When we took photo’s everyone but especially the children always loved to see themselves and their friends on the screen after. Since I am lucky and in the position that I do the same tours over and over again, I do get the chance to visit the same villages again later. And I started to print my photo’s so I could give back to the children, families when I came back next time. It is great to see the kids when they get their photo or their parents/grand parents when they get photo’s of their children (and of them self).
I am also used to share my photo’s on Facebook, so my groups could have them after the trip finished. As I become a better photographer I got more and more comments on my photo’s and it made me feel good, wanted to take more and better pictures to share. I joined a photo workshop (Hoi An Photo Tour & Workshop h) and learned a lot from the owner Etienne Bossot, especially how to take portraits and how to approach people.
4. What do you want to express with your photos, what is the meaning behind?
First of all I love to see the smile and laugher in people face, children and adults, fantastic here in SE Asia but special in Cambodia. I also want to pass on to all my friends and followers in rest of the world how fantastic this part of the world is. Most of all the beautiful and good parts, but also the darker sides of the life here.
5. What are your three best practice tips for people-photography?
First of all learn a few words in the language, be happy, polite and show respect. Be ready to put away your camera as soon as you see someone who doesn’t want their picture taken. Spend time and share the pictures, don’t be afraid to interact even if not speaking the same language. A smile and laughter goes a long way.
6. Please describe a typical day in your life.
At the moment I work as freelance Tour Leader, so when on tour I travel around SE Asia with my groups and having a great time sharing my passion for this part of the world with my fellow travellers. I try to share with them all the things I find special. When not working I travel a bit around my self with my camera. Not having a group to look after gives me a different way to get close to people and to learn more about the countries. My plans for Cambodia in the near future is to visit Kampot and around, Ratanakiri and Kampong Chhnang, even after 100-150 times in Cambodia it is so many places I still want to visit.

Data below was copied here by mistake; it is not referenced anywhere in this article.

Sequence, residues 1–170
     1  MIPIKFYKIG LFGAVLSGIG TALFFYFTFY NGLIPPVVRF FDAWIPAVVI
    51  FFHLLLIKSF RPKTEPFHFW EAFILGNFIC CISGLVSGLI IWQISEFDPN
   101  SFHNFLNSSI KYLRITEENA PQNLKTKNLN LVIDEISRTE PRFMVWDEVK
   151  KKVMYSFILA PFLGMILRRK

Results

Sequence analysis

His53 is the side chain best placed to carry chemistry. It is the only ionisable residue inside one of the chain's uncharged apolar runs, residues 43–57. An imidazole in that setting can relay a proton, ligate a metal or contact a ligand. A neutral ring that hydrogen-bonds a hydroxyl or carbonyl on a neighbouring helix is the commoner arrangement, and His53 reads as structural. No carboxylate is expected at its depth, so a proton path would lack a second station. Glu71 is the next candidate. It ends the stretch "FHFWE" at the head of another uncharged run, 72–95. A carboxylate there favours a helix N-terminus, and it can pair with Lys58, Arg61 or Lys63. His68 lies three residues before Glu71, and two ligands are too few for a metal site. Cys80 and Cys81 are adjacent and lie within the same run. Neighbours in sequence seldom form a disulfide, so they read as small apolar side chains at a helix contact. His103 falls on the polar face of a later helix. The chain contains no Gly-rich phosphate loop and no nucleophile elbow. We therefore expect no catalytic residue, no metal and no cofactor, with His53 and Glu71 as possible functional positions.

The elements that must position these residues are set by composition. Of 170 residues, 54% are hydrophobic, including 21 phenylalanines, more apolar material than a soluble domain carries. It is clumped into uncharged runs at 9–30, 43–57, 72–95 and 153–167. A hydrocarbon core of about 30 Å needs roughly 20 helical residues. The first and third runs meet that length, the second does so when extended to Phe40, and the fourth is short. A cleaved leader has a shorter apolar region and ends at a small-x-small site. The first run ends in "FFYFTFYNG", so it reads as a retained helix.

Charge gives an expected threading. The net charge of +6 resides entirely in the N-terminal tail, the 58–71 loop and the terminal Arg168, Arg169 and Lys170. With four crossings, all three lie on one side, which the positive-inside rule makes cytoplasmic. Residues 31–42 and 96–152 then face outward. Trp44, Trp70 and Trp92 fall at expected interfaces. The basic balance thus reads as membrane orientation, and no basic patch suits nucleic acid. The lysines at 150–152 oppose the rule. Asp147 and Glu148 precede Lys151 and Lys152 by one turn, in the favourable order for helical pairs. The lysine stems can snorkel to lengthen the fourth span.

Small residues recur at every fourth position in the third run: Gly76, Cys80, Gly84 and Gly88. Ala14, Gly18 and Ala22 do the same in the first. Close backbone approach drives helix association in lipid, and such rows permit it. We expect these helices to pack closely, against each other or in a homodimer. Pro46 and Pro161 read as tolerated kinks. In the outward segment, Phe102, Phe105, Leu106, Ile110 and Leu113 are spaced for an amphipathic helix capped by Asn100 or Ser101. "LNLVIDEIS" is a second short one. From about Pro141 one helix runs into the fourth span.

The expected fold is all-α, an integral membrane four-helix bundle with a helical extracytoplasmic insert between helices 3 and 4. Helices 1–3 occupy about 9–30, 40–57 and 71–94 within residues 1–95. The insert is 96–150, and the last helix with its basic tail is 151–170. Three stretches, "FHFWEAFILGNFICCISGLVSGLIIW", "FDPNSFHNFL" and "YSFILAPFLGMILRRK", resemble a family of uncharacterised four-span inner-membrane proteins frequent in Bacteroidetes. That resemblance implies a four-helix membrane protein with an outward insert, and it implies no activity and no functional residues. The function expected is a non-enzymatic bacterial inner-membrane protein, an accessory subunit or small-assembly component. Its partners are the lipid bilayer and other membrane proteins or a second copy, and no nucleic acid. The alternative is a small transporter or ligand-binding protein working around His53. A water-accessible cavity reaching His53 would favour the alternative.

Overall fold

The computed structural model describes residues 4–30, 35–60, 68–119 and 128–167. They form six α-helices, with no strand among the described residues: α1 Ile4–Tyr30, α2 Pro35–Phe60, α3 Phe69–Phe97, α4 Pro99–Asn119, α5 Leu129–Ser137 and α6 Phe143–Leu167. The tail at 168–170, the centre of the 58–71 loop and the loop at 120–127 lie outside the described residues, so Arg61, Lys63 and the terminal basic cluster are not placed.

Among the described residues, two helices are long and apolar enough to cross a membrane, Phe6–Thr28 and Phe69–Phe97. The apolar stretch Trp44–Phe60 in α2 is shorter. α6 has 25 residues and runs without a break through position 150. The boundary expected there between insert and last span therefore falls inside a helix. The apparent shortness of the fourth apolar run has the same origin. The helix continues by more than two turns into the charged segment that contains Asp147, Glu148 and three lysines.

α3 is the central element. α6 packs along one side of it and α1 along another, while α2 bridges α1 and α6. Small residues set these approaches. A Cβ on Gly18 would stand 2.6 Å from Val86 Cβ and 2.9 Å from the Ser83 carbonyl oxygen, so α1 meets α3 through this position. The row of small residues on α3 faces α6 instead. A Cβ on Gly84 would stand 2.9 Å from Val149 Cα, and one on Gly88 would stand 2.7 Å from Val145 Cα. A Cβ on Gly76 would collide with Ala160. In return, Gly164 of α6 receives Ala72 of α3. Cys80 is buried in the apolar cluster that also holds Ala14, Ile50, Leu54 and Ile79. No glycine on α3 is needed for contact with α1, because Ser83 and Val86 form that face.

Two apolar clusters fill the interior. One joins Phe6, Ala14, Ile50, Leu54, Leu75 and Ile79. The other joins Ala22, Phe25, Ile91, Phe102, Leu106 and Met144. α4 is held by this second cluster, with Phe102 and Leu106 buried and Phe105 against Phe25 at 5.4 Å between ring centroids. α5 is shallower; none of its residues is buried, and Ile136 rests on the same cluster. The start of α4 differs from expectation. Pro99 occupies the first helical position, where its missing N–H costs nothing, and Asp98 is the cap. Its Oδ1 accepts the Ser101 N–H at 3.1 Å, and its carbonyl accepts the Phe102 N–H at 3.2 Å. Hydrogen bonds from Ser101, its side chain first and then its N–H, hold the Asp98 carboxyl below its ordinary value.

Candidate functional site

7. Why do you love South-East-Asia, especially Cambodia?
For me South East Asia is a paradise, I love the weather (born in North of Norway), the food, the culture and the people. Especially in Cambodia I love the people for their smiles, their eyes and for how nice and friendly they are. I also find the history of the last 50 years in Cambodia very interesting and sad, I try to understand how the people of Cambodia have been able to get through such a horrible past. During my 12 years visiting Cambodia I have seen lots of changes, some good and some not so good. It will be interesting to see how Cambodia will develop in the future. I hope one day Cambodia will get politicians who care about the people of the country and not only about them self.
8. How do you support the locals Cambodia?
Through New Hope Cambodia, an NGO in Siem Reap. I support a family of 11 with $ 50 a month (most rice) as long as the children goes to school. Also through the company I work for G Adventures we support New Hope bringing groups to eat at their training restaurant.
Every time I am in Phnom Penh with my group we visit Friends Restaurant for dinner and every time I buy a “brick” for $ 50 where the money goes to help disadvantages children in Phnom Penh. On my Facebook I have an album with pictures of almost 30 “bricks” :-) When I have the chance I support Jayavaraman the 7th hospital in Siem Reap, bringing volunteers from my groups to donate blood for the children. I have donated blood my self now close to 20 times.
9. Do you have some tips for tourists, how to help in the best way?
The best way would for sure to shop and use money in Cambodia, buy from parents so they can take care of their children, not the other way. It is ok to bargain, but there is no need to get everything as cheap as possible. Please leave your money behind when you visit Cambodia. Also contact serious NGO’s like New Hope Cambodia and Friends International you can do a lot of help through them.
10. What is your biggest dream in life?
This is my dream:-) In 1998 I left my job, home and Norway to do what I had been dreaming about for a long time, to travel around the world and I have lived that dream ever since. I love my job, my hobby (photography) and my life.
11. Is there anything else you want to tell us?
I do hope with my pictures that I can share my passion for Cambodia and SE Asia and this way to get more people interested in visiting this part of the world. If they like they can follow me on:
And last but not least: Feel free to contact JPK – directly under his E-Mail address – email@example.com
New: Project in Siem Reap for teenagers and exhibition
[update: 24 April 2016] JP has bought 6 new CANON 1200D plus one more used camera to support 12 teenagers from a poor area of Siem Reap in collaboration with New Hope Cambodia to give them training in photography. Also, he organizes an exhibition in his new Gallery named Asian Hideaways Gallery from 22nd June to 20th July in Norway with his Cambodian pictures. The income will go to his project in Siem Reap! Stay tuned!